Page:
by Kye Stephenson
Like just about every other player on our annual Top 50 list, Serge Ibaka coming in at No. 39 will be too high for some and too low for others. Indeed, this list is simply a combination of me and my colleague’s individual rankings, which then gets calculated based on a proprietary algorithm SLAMonline.com chief Ryne Nelson developed. (OK, I made that last part up.)
Ranking anything is tough business. So I decided to give you an inside look at the in-depth breakdown I do for every player when coming up with these rankings. (That’s a lie, but so what.) This will give you a somewhat clear and concise overview of the player and an argument for higher or lower. You can make your own conclusion on Ibaka’s ranking from there. (Unfortunately, there’s not much you can do about it either way, but still.)
For those of you that think Ibaka should be ranked lower, or not at all, I present to you the following:
1. Ibaka averaged 3.03 blocks per game last season to lead the League for the second year in a row. He was also named to the NBA All-Defensive First-Team for the second consecutive year. Simply put, he is the NBA’s premier shot blocker.
2. He shot 58 percent from the field last season, which was fourth in the NBA. Not too shabby considering he has developed a solid mid-range jumpshot and doesn’t stay glued in the paint.
3. As any Jay-Z fan knows, numbers don’t lie. So when we delve into some advanced metrics, Ibaka’s Top 50 ranking in two key categories is telling. Ibaka averaged a 19.4 Player Efficiency Rating (PER) last season, which ranks ahead of players like David Lee, Kevin Garnett and Paul Pierce. (For those wondering, LeBron James had the highest PER last season at 31.6.) As well, among players who averaged 30-plus minutes per game, Ibaka had the fifth highest True Shooting Percentage last year at 61.2 percent. Only Kyle Korver, LeBron James, Kevin Durant and Tyson Chandler ranked ahead of him.
4. Serge is only 24 years old and just finished his fourth full season in the NBA. He put up career highs in field-goal percentage, rebounds and points, with the biggest jump coming in PPG, where he improved to 13.2 from 9.1 the year prior. The departure of James Harden left the Thunder looking for buckets in other areas and Ibaka stepped up his game. Coming into his fifth year, it’s reasonable to assume Ibaka will keep improving as a scoring threat and, coupled with his rebounding and shot-blocking, makes him an invaluable player.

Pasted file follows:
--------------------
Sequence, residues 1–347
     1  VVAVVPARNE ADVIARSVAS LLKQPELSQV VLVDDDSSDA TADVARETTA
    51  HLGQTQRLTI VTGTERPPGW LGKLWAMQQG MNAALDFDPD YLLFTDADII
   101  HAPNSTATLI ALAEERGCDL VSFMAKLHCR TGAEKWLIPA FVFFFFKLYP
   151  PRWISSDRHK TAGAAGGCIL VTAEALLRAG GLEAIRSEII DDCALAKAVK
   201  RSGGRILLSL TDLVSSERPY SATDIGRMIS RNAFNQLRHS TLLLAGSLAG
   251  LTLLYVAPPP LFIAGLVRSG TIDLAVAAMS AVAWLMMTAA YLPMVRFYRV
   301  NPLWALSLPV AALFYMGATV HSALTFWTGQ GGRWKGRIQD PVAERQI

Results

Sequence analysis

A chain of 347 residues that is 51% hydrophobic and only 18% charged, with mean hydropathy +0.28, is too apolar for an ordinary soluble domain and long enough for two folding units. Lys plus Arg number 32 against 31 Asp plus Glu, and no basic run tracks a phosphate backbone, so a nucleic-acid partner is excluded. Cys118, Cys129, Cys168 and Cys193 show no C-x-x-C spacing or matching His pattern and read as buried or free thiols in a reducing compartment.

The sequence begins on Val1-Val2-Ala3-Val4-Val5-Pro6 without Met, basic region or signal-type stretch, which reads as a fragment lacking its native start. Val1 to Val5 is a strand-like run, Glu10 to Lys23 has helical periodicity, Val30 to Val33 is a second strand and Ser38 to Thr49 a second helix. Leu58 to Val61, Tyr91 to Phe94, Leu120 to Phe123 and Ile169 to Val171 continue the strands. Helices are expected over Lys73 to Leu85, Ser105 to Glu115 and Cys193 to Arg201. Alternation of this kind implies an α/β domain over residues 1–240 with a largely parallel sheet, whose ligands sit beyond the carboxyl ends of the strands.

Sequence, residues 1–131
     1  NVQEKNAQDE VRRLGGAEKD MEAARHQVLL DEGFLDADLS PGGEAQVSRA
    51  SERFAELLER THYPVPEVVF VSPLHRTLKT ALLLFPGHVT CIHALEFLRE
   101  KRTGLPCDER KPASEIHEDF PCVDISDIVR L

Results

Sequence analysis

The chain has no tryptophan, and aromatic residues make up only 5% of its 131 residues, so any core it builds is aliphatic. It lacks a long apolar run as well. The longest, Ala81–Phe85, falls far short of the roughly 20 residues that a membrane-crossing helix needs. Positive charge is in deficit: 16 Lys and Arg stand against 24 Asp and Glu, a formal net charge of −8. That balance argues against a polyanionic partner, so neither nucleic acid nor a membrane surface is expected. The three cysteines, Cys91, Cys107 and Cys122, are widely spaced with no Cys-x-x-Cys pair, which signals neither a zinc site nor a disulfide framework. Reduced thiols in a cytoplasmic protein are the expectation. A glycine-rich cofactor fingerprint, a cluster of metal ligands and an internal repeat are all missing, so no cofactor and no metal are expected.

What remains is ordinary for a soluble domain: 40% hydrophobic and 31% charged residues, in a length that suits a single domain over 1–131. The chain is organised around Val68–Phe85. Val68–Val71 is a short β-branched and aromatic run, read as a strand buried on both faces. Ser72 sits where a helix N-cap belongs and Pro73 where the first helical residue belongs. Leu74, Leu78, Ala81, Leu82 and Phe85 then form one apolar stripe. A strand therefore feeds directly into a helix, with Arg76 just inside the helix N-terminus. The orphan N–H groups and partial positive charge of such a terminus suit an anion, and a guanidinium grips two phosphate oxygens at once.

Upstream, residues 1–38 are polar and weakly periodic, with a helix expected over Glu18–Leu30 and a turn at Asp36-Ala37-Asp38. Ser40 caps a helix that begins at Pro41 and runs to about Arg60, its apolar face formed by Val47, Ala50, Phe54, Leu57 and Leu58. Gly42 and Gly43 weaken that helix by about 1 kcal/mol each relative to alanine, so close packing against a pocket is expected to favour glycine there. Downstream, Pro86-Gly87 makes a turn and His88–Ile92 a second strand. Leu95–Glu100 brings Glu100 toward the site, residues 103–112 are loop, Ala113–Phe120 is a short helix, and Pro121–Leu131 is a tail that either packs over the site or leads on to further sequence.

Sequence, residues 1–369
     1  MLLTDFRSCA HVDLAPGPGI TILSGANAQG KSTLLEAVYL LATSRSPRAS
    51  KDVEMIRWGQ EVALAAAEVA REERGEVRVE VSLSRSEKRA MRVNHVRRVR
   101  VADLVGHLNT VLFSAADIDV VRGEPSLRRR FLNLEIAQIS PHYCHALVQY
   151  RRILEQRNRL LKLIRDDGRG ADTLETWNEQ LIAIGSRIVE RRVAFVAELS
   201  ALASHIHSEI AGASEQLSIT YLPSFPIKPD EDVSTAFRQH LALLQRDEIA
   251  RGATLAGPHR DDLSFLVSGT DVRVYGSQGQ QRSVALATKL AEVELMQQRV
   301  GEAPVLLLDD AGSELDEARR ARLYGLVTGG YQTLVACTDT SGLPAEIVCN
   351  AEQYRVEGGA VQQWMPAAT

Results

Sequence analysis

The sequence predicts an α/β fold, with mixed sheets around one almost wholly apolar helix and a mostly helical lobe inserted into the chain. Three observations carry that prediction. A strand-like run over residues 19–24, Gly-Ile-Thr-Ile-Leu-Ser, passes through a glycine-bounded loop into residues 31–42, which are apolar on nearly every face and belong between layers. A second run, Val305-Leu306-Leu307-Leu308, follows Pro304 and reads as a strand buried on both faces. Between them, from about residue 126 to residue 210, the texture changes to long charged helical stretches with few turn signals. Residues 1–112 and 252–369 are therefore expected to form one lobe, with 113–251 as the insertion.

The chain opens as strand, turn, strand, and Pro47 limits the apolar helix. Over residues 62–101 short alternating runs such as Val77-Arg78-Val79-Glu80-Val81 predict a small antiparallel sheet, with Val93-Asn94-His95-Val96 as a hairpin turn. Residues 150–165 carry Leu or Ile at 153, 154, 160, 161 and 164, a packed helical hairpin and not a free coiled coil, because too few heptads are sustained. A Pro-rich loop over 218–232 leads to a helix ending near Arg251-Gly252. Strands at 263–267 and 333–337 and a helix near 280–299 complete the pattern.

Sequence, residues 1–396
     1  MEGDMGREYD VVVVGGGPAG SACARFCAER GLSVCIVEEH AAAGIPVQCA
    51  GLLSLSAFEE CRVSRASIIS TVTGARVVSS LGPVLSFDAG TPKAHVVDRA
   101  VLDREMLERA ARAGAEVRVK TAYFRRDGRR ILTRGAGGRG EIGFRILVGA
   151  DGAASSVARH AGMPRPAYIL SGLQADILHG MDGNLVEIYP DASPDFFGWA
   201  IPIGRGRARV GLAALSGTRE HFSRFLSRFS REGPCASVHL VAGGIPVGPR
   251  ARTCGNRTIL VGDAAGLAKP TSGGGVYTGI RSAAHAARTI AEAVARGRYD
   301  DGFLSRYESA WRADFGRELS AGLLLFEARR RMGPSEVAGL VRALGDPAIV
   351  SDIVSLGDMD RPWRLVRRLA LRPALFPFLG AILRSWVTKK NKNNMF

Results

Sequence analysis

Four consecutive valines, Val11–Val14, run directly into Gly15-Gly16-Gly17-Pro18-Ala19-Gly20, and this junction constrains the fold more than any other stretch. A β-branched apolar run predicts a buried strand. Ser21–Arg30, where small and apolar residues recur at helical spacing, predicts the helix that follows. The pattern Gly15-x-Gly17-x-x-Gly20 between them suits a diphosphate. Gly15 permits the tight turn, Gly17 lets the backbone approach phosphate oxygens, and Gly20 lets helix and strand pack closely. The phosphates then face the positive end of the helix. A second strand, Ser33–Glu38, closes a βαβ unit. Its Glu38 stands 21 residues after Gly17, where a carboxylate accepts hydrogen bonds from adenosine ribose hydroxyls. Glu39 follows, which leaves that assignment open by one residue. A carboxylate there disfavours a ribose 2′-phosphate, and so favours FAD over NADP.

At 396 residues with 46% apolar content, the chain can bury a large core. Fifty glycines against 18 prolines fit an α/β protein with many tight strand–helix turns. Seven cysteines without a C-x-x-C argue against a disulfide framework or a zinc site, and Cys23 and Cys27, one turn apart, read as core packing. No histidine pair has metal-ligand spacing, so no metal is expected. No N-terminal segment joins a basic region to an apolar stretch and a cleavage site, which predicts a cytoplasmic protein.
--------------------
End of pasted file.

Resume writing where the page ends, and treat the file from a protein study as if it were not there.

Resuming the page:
5. Ibaka speaks five languages. Yes, five. Enough said.
Now, for those who believe Ibaka got jipped and should be placed higher on this list, I make the following argument:
1. For all of his prowess as an elite shot-blocker, Ibaka’s rebounding was subpar. At 7.7 per game, he wasn’t even in the top 20 in that category last year. A true power forward, Ibaka averaged less boards than teammate Kevin Durant (7.9). With the deterioration of Kendrick Perkins, Ibaka’s rebounding was underwhelming.
2. Ibaka’s aforementioned 19.4 PER is exactly the same as Detroit Pistons forward Greg Monroe, who came in at No. 47 on our list.
3. Despite an improving jumpshot, Ibaka’s back-to-the-basket repertoire is severely lacking. With Perkins basically non-existent offensively, OKC is in desperate need of a low-post scorer and someone who can draw defenders off their array of shooters. Ibaka has yet to fill that void.
4. It could be argued that Ibaka was a letdown last year. With Harden leaving, OKC fans could still take solace in the fact they had an emerging stud at power forward. Maybe the bar was set too high, but outside of his rim protection, Ibaka’s 13.2 ppg and 7.7 rpg seems less than what he’s capable of. He ended last season with 15 double-doubles. Fifteen! That’s less than Spencer Hawes and the same number as Jeff Teague.
So there it is. Both sides of the fence. As you can see, there are arguments to be made both ways. But from what I can tell, it looks like we’ve got the OKC big man pegged about right. And just think, this is only No. 39 on our list. Just wait ’til we hit the top 10.
|SLAMonline Top 50 Players 2013|
Rankings are based on expected contribution in ’13-14—to players’ team, the League and the game.